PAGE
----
By Mary Kelleher, Contributing Writer
The election of Donald Trump has prompted a variety of reactions throughout both the nation and the globe as a whole. For this reason, UW students, professors, alumni, and community members packed into Kane Hall to discuss the reactions to the new presidency and potential changes to expect in the future as a result.
On Monday, Nov. 28, the Jackson School of International Studies held “Trump and the World,” a panel to discuss the possible effects of Donald Trump’s presidency on countries around the world, including the United States.
Five professors from the Jackson School talked about the implications of the new presidency in regards to China, Europe (with an emphasis on Russia), the Middle East, and immigration and refugees in the United States.
The discussion, which was free and open to the public, was moderated by Jackson School director Reşat Kasaba. When seats filled up, people sat along the walls to listen to the panel.
Dorota McHenry, an alumna of the Jackson School who attended the event, said she was interested in “finding out what a liberal institution like the UW, or any university … may be able to shed on Trump’s election.”
The first panelist to speak was David Bachman, a UW professor of international studies and expert on U.S.-China relations. According to Bachman, Trump and China will inevitably challenge each other on several levels throughout the presidency.
“For its part, China will challenge the Trump administration,” Bachman said. “It might not do so overtly at the start, but it will seek to consolidate recent gains.”
Bachman commented that Trump’s experience in Asia is limited and it is unlikely that he sees the rise of Asia, and China in particular, as a core part of modern society as President Obama does. He said that some feel Trump’s election even ensures China’s rise to the number one country in the world this century.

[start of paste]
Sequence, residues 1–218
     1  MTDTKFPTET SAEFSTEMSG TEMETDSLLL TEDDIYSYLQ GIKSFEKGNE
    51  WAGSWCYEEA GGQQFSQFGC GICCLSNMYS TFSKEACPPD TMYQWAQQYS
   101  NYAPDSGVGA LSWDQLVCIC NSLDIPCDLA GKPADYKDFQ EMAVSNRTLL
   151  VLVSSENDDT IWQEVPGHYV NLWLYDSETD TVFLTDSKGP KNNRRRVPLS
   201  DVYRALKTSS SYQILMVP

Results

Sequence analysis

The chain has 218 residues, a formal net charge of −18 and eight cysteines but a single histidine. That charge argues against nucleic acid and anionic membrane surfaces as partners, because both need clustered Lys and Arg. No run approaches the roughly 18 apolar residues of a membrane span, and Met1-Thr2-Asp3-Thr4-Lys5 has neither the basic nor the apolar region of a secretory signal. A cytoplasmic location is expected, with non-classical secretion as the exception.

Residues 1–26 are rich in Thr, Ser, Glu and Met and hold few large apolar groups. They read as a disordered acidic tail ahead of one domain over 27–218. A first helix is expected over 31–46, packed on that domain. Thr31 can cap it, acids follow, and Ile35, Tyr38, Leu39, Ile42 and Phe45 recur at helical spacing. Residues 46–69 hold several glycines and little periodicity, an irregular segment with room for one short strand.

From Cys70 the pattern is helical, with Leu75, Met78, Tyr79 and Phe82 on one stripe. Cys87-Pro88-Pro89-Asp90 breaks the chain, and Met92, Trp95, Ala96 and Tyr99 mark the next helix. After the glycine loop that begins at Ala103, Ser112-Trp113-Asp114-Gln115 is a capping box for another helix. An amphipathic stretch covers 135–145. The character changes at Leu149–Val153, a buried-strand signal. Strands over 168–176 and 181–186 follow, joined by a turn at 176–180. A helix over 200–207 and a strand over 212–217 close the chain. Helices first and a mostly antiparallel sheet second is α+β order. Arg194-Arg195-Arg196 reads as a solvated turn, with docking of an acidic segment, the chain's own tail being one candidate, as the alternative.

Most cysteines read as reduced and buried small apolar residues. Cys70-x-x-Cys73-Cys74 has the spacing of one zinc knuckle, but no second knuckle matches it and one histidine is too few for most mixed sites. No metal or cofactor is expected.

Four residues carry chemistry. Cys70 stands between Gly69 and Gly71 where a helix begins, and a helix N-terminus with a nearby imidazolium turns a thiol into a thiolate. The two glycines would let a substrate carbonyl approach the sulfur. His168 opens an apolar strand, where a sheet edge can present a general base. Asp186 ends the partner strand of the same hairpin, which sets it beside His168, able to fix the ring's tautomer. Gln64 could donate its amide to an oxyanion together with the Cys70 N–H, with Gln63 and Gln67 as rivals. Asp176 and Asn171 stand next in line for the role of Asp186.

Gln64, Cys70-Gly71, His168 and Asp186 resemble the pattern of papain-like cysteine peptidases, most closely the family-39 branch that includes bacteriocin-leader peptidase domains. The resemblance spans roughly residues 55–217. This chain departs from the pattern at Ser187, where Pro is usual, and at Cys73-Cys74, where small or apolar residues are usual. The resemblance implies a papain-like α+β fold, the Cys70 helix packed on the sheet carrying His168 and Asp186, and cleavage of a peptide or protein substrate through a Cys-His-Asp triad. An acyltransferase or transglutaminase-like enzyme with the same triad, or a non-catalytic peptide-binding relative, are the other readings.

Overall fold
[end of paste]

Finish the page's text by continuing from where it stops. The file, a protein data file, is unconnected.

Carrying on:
Associate professor Scott Radnitz has researched the post-Soviet region and commented on future relations between the United States and Russia. He used his panel time to explore the possible reasons why Trump is pro-Russia, which is unusual for a Republican candidate, and how he and Vladimir Putin are similar in some ways. He also commented on Trump’s promises compared to his potential actions.
“There is no necessary connection in general between a politician’s campaign rhetoric and the policies he or she can carry out,” Radnitz said. “And in Trump’s case that’s even more so.”
Sabine Lang, an associate professor of international studies, discussed European reactions to the election results and the connection between the upcoming presidency and European populism, which she clarified was more nuanced than the common connotation of populism.
“The overwhelming sentiment right now is that under Trump, only those who advocate for closing borders and for building fences will be emboldened,” Lang said.
Associate professor Kathie Friedman discussed immigration and refugees in the United States after Trump’s election. She expressed that she “is not approaching the presidency of Donald Trump with an open mind” because she believes he meant what he said concerning his intended policies and is not about to change his mind.
She especially expressed concern about Trump’s intentions toward Deferred Action for Childhood Arrivals and said that if Trump does what he intends with this, there will be no path to legality for children of undocumented immigrants who have grown up American.
Joel Migdal, founding chair of the UW international studies program, called in from Israel via Skype to discuss U.S.-Middle East relations. He stated that the Middle East was “befuddled” by the election of Trump and that Trump will have to deal with recent shocks in the Middle East directly.
Overall, the five panelists seemed to agree on one thing: There is really no way to know what this new president-elect will bring to the table.
Reach contributing writer Mary Kelleher at firstname.lastname@example.org. Twitter: @MKelleher98